Lake Shore Hospital will not be closing without a fight.
State officials plan to take the fight to keep the vital hospital open one step further with a rally on Saturday, Jan. 11 at Silver Creek High School from 12:30 to 2:30 p.m.
In an email inviting the public to show their support at the rally, State Senator Catharine Young described the decision on Oct. 31 as "extremely alarming."
"The news that UPMC is trying to close Lakeshore Hospital has delivered a terrible blow to our community, and we have been working hard to turn the situation around. Recent decisions by UPMC are deeply disappointing and extremely alarming. When UPMC broke their promise of building a new hospital to replace flood-ravaged Tri-County in Gowanda, they said the region still would have access to emergency room and hospital care at Lake Shore. Now, the community was blindsided again by their abrupt announcement that they were closing Lake Shore, despite the fact that we worked very hard to successfully secure millions of state and federal dollars so that Tri-County could be rebuilt and Lake Shore could be strengthened. We've had enough of broken promises," the email from Young said.
Young said although the hospital has taken the positive step of filing for Chapter 11 bankruptcy, which will allow it to restructure and hopefully find an appropriate buyer, now is the time to let everyone know what the community wants.
"The rally is a way for the community to stand up and say 'We want and need Lake Shore Hospital to stay open.' Recent rallies have been successful, like NRG, and it shows the power people have when they stand up together," Young said in a phone interview Friday.
Young along with Assemblymen Andy Goodell and Joseph Giglio are organizing the event in order to show the importance of the hospital to the community.
"The profound importance of saving Lake Shore Hospital cannot be overstated. It truly is a matter of life and death. Long travel times to the emergency room in all kinds of weather lack of quality health care in our community the loss of hundreds of family-sustaining jobs economic decline these are the devastating consequences of closure," Young stated in the letter.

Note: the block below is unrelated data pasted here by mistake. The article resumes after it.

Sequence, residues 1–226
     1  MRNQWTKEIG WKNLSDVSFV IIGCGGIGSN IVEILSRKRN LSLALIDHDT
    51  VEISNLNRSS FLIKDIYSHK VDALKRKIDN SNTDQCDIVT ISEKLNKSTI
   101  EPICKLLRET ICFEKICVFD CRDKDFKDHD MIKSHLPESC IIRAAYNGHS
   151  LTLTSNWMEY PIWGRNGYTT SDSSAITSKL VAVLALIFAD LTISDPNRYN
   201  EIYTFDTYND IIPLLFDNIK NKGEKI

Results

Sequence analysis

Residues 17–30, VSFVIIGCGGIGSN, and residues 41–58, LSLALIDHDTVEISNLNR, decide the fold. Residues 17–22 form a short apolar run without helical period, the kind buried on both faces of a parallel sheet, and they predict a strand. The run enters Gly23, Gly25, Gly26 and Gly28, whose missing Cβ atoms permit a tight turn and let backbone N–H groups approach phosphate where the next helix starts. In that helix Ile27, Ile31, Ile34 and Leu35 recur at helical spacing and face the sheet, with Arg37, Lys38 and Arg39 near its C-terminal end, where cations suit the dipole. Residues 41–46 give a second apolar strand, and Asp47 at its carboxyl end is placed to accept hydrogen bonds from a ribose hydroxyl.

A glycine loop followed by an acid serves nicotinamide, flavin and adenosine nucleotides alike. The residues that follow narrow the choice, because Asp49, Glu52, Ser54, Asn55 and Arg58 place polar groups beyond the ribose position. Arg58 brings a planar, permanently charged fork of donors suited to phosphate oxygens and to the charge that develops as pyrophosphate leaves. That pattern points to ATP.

She said in the case of weather like that which has affected Western New York recently, closing Lake Shore Hospital could mean the difference between life or death for patients who must travel further for treatment.
Young said they hope the rally will help gain the support of not only Gov. Andrew Cuomo and the state Department of Health but also all of Western New York.
"We are not just trying to reach Albany, we also want to make all of Western New York understand this is a top priority. People's lives are at stake, that is very compelling," she said.
Young said although the community has done its part sending letters to get the word to Albany, the rally is a way to be "louder."
"We urgently need your help. Although our state, federal and local representatives have been fighting to save the hospital, we need your support. It is time for our people to stand up and tell Albany that the loss of emergency care, access to vital health services and hundreds of jobs is not acceptable. We are a long way away from Albany, and it is far too easy for them to forget about us. We must let Albany know that we matter, too. Many people already have gotten involved by calling, sending letters and emails, and signing petitions. Their efforts truly are appreciated. But the time is now to get even louder.
"This rally is our chance to have our voices heard and send Albany a clear message that we need help to save our hospital. We need a huge turnout at our rally to have maximum impact," she added in the letter.
Young noted the venue for the rally is indoors.
"The NRG rally we held was at the Dunkirk Pier and even though it was very cold over 1,000 people attended this rally will be indoors. We need as many people as possible to show up, that is very important," she said.
She said Lake Shore officials are aware of the rally and that several groups will be represented on Jan. 11, including employees, elected officials, the Seneca Nation of Indians and the community. There will also be a range of speakers. More information is set to be announced later in the week.